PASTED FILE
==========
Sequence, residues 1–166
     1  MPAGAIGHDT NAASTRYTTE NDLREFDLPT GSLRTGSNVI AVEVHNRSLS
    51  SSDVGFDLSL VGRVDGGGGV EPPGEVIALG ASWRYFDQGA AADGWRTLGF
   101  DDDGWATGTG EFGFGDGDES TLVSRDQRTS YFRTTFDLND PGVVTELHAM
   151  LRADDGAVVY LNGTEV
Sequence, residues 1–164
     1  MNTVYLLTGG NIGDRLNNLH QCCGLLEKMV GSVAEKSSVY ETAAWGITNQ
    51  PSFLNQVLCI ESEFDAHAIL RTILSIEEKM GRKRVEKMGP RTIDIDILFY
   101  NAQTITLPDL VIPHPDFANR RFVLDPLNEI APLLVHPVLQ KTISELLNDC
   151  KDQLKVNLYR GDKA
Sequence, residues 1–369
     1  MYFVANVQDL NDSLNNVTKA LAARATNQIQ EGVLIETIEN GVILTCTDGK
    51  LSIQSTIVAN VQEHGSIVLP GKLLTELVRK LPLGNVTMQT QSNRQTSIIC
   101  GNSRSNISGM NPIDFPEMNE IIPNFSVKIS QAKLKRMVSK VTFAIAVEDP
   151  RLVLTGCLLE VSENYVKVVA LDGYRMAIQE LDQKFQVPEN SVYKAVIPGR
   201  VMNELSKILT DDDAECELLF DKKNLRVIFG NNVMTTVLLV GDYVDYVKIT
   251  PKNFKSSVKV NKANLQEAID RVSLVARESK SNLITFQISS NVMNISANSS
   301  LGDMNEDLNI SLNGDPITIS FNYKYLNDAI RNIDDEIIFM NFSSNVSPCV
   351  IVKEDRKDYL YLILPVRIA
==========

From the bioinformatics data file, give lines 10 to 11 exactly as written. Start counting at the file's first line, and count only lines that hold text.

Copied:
   151  KDQLKVNLYR GDKA
Sequence, residues 1–369